Challenges to the Credibility of the Investor-State Arbitration System

By Nolan, Michael | American University Business Law Review, January 3, 2016 | Go to article overview

Challenges to the Credibility of the Investor-State Arbitration System


Nolan, Michael, American University Business Law Review


Introduction

Investor-state dispute settlement ("ISDS") has been put through the ringer in recent public comment as a system that "threatens domestic sovereignty by empowering foreign corporations to bypass domestic court systems" and "weakens the rule of law."1 One such foreign corporation is Philip Morris Asia Limited ("Philip Morris Asia"), which brought a claim against Australia in 2012 for compensation based on the state's cigarette packaging legislation.2 The case, along with Philip Morris's similar case against Uruguay, created global controversy over states' ability to regulate in the public interest.3 Some critics argued that the cases created a "chilling effect" on other states that were considering similar tobacco regulation.4 On December 17, 2015, Australia defeated the multibillion dollar claim when the arbitral tribunal declined jurisdiction over the matter. In response to the tribunal's award, Philip Morris International Inc.'s ("Philip Morris") general counsel appeared to respond to the controversy: "This case has never been about a government's undeniable authority to regulate in the public interest."5 Nevertheless, the vocal critics of the Philip Morris cases are among many who question whether the ISDS system interferes with democratic regulatory authority.

This Article will describe how the Philip Morris case falls within criticism against the ISDS system over the past decade. Next, the Article will compare similar ideas voiced in the current public debate about the negotiations of the Trans Pacific Partnership and Transatlantic Trade and Investment Partnership. Finally, this Article will assert that the ISDS system will survive in the face of criticism as states begin to reform their ISDS systems.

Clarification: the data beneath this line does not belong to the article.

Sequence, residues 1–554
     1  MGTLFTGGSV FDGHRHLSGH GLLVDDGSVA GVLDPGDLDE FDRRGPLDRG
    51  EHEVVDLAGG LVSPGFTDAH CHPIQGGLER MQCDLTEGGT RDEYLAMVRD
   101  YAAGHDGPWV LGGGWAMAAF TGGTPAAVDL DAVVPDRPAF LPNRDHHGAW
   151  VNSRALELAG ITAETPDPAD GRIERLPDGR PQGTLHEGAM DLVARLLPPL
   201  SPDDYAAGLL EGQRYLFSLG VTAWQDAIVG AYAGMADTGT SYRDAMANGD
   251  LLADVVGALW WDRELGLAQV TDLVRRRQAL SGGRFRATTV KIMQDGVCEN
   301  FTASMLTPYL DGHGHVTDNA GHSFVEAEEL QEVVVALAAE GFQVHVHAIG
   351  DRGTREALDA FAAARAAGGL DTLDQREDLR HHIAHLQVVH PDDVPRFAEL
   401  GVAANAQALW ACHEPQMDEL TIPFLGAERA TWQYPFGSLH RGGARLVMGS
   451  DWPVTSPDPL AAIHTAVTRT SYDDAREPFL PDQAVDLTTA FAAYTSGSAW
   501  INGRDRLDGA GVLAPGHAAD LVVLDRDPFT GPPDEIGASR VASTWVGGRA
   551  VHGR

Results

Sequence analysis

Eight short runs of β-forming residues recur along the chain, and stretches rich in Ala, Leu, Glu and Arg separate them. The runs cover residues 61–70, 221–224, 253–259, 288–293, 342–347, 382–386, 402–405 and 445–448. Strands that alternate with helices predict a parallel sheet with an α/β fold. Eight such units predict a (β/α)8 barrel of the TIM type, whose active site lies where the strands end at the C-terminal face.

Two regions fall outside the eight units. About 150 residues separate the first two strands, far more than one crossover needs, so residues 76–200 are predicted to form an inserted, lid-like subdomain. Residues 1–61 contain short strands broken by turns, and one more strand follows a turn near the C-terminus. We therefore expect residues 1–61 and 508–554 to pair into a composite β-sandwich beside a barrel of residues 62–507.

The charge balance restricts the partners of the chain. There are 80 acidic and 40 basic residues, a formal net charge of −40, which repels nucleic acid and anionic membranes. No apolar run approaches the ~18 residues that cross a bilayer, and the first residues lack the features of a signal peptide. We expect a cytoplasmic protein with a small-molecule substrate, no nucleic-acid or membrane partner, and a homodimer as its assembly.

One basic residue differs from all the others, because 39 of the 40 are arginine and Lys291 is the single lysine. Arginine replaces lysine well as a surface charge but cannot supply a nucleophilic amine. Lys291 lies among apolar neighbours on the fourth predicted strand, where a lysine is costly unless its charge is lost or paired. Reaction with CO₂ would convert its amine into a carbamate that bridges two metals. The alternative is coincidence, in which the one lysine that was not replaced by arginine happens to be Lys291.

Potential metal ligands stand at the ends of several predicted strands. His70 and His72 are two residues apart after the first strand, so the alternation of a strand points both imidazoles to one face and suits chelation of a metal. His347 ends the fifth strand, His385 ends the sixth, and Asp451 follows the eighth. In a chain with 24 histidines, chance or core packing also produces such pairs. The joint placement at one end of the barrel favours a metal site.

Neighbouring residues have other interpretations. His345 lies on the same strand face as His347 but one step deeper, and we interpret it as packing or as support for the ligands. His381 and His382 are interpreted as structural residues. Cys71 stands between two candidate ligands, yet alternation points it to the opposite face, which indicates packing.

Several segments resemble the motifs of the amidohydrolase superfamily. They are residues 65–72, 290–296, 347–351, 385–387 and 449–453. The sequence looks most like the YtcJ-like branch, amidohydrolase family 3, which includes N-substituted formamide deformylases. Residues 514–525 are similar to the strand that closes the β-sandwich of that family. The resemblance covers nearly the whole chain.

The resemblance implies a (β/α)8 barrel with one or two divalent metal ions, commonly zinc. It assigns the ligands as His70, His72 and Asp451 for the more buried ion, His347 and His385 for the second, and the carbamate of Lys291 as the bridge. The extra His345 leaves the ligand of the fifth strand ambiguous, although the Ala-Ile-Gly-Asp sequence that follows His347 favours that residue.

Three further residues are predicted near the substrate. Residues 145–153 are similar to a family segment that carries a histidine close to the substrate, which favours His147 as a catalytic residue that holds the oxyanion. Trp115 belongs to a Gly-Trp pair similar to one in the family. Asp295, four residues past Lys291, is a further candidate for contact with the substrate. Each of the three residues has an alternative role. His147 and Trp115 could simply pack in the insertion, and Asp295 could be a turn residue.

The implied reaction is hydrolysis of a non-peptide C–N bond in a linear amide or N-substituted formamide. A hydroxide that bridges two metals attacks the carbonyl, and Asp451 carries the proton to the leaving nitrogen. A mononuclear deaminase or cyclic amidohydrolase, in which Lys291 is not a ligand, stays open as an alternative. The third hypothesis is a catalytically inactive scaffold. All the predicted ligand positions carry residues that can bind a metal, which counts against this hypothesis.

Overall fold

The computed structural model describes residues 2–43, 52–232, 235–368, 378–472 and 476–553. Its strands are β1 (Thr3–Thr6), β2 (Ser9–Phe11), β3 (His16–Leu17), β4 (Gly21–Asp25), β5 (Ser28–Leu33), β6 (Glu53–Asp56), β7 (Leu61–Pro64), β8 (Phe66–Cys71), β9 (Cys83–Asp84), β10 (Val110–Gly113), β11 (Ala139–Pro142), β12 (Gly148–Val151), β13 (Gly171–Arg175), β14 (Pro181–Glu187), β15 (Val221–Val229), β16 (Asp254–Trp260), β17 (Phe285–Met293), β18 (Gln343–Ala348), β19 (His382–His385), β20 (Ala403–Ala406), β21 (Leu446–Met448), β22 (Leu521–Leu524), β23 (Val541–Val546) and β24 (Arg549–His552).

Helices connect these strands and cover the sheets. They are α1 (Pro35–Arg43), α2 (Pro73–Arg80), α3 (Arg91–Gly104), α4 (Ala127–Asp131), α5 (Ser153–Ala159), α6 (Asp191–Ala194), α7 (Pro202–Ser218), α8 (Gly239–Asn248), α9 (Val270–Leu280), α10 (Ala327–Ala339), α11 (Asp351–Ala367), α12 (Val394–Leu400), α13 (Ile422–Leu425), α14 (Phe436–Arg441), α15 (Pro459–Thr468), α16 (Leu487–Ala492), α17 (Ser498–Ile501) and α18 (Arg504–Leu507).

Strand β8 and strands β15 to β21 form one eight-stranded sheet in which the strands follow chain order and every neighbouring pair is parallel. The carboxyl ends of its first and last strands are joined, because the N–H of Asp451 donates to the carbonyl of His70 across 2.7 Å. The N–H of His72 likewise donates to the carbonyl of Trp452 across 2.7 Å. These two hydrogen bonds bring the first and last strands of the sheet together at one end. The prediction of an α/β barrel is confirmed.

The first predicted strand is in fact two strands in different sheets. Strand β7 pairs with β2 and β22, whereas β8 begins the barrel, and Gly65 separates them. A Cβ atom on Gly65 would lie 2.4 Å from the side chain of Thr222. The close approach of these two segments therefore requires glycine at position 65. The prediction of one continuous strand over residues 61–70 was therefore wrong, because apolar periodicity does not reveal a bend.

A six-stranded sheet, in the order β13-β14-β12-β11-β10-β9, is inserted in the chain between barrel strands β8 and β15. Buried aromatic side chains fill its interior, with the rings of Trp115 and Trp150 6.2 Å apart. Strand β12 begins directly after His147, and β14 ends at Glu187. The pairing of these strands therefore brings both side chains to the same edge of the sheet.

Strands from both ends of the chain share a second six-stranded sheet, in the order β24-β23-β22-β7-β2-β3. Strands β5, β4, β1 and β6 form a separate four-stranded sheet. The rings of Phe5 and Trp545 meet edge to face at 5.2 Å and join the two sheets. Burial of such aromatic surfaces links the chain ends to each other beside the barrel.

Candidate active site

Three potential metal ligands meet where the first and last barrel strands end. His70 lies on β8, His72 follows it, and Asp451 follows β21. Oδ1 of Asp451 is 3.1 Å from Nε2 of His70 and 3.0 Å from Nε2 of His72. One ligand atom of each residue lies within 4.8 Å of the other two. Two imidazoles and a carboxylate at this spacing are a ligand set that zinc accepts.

II. ISDS Criticism

A. Philip Morris Asia v. Australia

The Tobacco Plain Packaging Act 2011 became law in Australia on December 1, 2011.6 Among other requirements, the law mandated certain health warnings and limited branding on cigarette packages.7 On June 27, 2011, Philip Morris Asia filed a Notice of Claim against Australia pursuant to the Hong Kong-Australia Bilateral Investment Treaty (1993) ("Hong Kong-Australia BIT").8 This claim was the first ISDS dispute that was brought against Australia.9 Philip Morris Asia argued that Australia's tobacco plain packaging measure constituted an expropriation of its Australian investments in breach of the BIT.10 Philip Morris Asia further argued that Australia's tobacco plain packaging measure was in breach of its commitment under Article 2(2) of the Hong Kong-Australia BIT, which required fair and equitable treatment to Philip Morris Asia's investments." Finally, Philip Morris Asia asserted that tobacco plain packaging constitutes an unreasonable and discriminatory measure and that Philip Morris Asia's investments have been deprived of full protection and security in breach of Article 2(2) of the Hong Kong-Australia BIT.12

The arbitration was conducted under the United Nations Commission on International Trade Law ("UNCITRAL") Arbitration Rules 2010. The tribunal hearing the case was composed of three arbitrators: Australia appointed Professor Don McRae of the University of Ottawa as an arbitrator; Philip Morris Asia appointed Professor Gábriellé KaufmannKohler as an arbitrator; and the Secretary-General of the Permanent Court of Arbitration appointed Professor Dr. Karl-Heinz Böckstiegel as the presiding arbitrator.13 Over the course of four years, Australia and Philip Morris submitted full statements of claims and defense.14 On December 17, 2015, the tribunal declined jurisdiction over Philip Morris's claims.15 On May 16, 2016, the Permanent Court of Arbitration published a redacted version of the award in the Case Repository of the Permanent Court of Arbitration.16